If you own a Mac, you have probably heard by now that Apple introduced a serious bug into High Sierra by which anybody could log into a Mac using 'root' as the username and no password, and get full access to the system.
If your Mac is under CNS-OIT management, then a workaround has been applied: a root password has been set on your machine. Additionally, owners of managed machines will receive an email reminding them to apply as soon as possible the security patch that fixes the root vulnerability.
As always, if you have questions or need help, please don'
If you own a Mac, you have probably heard by now that Apple introduced a serious bug into High Sierra by which anybody could log into a Mac using 'root' as the username and no password, and get full access to the system. You may have also heard that Apple released a patch to fix this vulnerability. But have you heard that the bug 'silently' reappears on systems that are subsequently upgraded from 10.13.0 to 10.13.1?
As of Friday, 17 November 2017, UT Austin's Two-Factor Authentication service (2FA) Duo has stopped reporting possible security issues to its push clients when they authenticate.
What does that mean? The Duo App, from 20 July 2017 until last week reported, based only on release date of the software on the device, that the system was insecure and in need of updates. This confused many users, or just plain infuriated them in that their phones were reporting to be insecure.
Security tools like 2FA via Duo are essential in this age of
On 1 November 2017, the Information Security Office announced that it would "soon begin a controlled phishing assessment in an effort to continue to improve security awareness around this particular attack vector. All faculty and staff are potential recipients."
According to the announcement, "you may receive fake phishing emails designed to look like ones that bad guys are sending. However, instead of harming you, these emails will provide the ISO with data and teach you how to identify these scams and protect yourself. The ISO will send at least three rounds of emails
On 15 September 2017, the Information Security Office (ISO) kicked off its annual risk assessment survey of devices on the campus ethernet (wired) network. This survey is called ISORA (for ISO Risk Assessment). As required by Texas state law and the university administration, the ISORA application collects, analyzes and reports on specific data related to information security on campus. Gathering the necessary data requires participation from users and managers of networked devices to help collect the data, and from department heads to answer survey questions at the department level and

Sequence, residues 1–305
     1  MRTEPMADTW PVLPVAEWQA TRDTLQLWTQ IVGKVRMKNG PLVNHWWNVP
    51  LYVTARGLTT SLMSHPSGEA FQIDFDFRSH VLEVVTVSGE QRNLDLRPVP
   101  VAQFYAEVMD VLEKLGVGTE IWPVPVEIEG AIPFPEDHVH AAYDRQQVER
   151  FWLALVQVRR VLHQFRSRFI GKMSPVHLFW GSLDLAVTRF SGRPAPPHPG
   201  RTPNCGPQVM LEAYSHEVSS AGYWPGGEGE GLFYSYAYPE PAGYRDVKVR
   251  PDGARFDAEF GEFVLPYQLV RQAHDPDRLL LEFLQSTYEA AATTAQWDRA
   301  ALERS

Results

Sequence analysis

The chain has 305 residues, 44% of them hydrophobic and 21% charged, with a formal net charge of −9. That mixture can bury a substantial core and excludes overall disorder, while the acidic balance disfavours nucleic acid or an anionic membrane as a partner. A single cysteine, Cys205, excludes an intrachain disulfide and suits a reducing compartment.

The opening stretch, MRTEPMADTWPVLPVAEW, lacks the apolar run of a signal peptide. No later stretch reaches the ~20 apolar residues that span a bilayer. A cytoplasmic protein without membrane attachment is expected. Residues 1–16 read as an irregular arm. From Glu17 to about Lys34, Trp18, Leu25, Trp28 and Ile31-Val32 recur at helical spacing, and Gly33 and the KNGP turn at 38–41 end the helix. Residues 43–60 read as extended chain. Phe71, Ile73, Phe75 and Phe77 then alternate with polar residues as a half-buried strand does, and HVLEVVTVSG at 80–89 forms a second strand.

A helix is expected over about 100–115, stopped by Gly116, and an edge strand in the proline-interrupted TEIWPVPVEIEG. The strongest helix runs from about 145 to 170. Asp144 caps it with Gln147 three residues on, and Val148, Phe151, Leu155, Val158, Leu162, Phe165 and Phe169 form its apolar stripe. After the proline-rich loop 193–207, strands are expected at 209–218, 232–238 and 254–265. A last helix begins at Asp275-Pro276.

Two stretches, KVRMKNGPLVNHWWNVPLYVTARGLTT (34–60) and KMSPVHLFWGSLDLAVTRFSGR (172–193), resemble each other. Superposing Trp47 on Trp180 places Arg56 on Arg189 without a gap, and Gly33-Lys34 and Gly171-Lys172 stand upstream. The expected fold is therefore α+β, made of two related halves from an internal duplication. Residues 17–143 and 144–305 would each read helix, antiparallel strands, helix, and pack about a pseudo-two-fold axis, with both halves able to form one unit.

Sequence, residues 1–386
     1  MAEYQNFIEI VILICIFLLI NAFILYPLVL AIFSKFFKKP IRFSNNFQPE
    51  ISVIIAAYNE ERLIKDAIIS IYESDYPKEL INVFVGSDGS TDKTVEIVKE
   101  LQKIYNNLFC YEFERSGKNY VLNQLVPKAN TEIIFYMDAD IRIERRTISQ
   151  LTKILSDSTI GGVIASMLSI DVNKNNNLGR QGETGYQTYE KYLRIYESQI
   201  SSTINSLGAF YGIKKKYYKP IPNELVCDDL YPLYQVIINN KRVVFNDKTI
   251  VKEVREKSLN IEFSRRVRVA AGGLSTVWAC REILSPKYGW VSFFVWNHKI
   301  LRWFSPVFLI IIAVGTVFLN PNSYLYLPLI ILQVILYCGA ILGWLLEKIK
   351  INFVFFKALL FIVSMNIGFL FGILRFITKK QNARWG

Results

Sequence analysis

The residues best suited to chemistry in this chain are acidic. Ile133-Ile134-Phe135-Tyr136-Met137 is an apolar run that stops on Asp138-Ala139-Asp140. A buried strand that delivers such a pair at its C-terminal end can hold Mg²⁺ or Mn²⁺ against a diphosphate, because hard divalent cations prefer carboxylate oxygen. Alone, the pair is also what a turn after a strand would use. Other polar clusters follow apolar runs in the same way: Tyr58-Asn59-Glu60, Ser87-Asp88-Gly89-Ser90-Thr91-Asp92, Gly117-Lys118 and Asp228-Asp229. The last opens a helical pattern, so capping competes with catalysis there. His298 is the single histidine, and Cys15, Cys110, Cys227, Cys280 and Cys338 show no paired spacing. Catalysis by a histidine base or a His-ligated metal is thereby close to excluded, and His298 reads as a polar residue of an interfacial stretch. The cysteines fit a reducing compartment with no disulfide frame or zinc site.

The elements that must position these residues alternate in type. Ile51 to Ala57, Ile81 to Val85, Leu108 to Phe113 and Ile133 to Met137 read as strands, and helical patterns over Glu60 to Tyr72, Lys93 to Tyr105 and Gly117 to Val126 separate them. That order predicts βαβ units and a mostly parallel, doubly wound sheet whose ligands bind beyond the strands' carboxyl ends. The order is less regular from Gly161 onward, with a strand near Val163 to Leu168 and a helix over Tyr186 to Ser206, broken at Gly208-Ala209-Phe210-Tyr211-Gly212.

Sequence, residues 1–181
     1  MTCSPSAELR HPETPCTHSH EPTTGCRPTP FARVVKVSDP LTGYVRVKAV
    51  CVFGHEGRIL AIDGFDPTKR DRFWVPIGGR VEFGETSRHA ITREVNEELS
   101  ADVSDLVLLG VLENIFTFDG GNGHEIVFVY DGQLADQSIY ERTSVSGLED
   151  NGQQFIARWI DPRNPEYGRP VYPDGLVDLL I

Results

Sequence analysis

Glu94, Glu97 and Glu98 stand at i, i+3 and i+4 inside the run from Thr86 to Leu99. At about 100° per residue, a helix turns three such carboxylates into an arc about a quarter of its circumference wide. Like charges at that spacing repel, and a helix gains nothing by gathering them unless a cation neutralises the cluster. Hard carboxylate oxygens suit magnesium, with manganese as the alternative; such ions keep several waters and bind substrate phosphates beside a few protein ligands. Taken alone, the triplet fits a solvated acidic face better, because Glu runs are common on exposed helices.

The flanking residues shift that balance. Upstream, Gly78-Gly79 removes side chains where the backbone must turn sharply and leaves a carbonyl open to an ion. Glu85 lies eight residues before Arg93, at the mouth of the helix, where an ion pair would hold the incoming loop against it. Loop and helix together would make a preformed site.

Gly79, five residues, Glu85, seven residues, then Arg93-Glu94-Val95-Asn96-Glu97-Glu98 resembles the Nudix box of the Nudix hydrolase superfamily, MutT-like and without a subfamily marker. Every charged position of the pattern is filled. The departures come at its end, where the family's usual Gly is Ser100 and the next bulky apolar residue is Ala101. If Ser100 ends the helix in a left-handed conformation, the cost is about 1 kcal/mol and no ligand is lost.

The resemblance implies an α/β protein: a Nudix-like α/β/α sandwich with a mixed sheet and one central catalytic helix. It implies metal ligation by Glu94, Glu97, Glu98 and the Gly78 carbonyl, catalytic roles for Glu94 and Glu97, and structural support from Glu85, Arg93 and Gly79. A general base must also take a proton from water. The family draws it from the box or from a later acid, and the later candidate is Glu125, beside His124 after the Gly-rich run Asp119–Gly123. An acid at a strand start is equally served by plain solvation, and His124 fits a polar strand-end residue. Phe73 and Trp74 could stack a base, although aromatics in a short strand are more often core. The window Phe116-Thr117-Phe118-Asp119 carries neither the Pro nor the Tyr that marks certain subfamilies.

On July 20th, Information Technology Services (ITS) enabled new security features in the Duo two-factor authentication system intended to inform people when their device has outdated software installed. This change adds new messaging when authenticating with Duo that notifies users that their devices are using outdated versions of Flash, Java or operating systems (e.g. Windows, MacOS, Apple iOS, etc). These changes apply to both desktop and mobile devices.
This informational banner does not prevent authentication or access. It is meant to inform. It is hoped
Tuesday saw a second major malware attack in as many months, affecting several countries, dozens of major companies, and thousands of machines. And nobody believes it will get better any time soon.
If this malware attack sounds like last month's WannaCry ransomware attack, that's because it is. Just like WannaCry, cyber ambush uses the same backdoor exploit developed by the U.S. National Security Agency, an exploit known as EternalBlue, which malware programmers have modified so that it not only spreads and infects computers, it also encrypts the data on vulnerable
A new vulnerability has been announced that affects Samba, a network protocol that is primarily used for Windows file and print sharing. The vulnerability affects all versions of Samba from 3.5.0 onwards.
The vulnerability allows remote code execution by allowing a malicious client to upload a shared library to a writable share, and then cause the Samba software to load and execute the uploaded library.
While no exploits are yet known, we strongly recommend you patch any systems running Samba as soon as possible. Patches are available for versions 4.4 onwards, and
According to reports, there is an ongoing, fast and widespread ransomware attack against Microsoft Windows machines, with reports of as many as 200,000 infections in as many as 150 countries (according to Europol on Sunday, 14 May 2017). The software can run in as many as 27 different languages, matching the operating system language settings.
This malware is variously known as WannaCry, WCry, Wanna Decryptor, or Wanna Derypt0r and was discovered the morning of May 12th, 2017. It works by encrypting your data and requesting a ransom
According to numerous reports, there is an ongoing, fast and widespread ransomware attack against Microsoft Windows machines, with reports of tens of thousands of infections in as many as 74 countries. The software can run in as many as 27 different languages, matching the operating system language settings.
The malware is variously known as WannaCry, WCry, or Wanna Decryptor, or Wanna Derypt0r and was discovered the morning of May 12, 2017. It works by encrypting your data and requesting a ransom of .1781 bitcoins, the equivalent of roughly $300.